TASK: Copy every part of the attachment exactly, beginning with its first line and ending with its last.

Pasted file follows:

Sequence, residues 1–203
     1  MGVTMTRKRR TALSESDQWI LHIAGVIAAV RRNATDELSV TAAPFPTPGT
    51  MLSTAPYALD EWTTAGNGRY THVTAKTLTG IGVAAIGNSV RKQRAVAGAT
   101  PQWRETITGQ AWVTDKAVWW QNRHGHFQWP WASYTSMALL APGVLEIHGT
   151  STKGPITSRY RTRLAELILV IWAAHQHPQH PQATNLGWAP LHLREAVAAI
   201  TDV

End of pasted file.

Sequence, residues 1–203
     1  MGVTMTRKRR TALSESDQWI LHIAGVIAAV RRNATDELSV TAAPFPTPGT
    51  MLSTAPYALD EWTTAGNGRY THVTAKTLTG IGVAAIGNSV RKQRAVAGAT
   101  PQWRETITGQ AWVTDKAVWW QNRHGHFQWP WASYTSMALL APGVLEIHGT
   151  STKGPITSRY RTRLAELILV IWAAHQHPQH PQATNLGWAP LHLREAVAAI
   201  TDV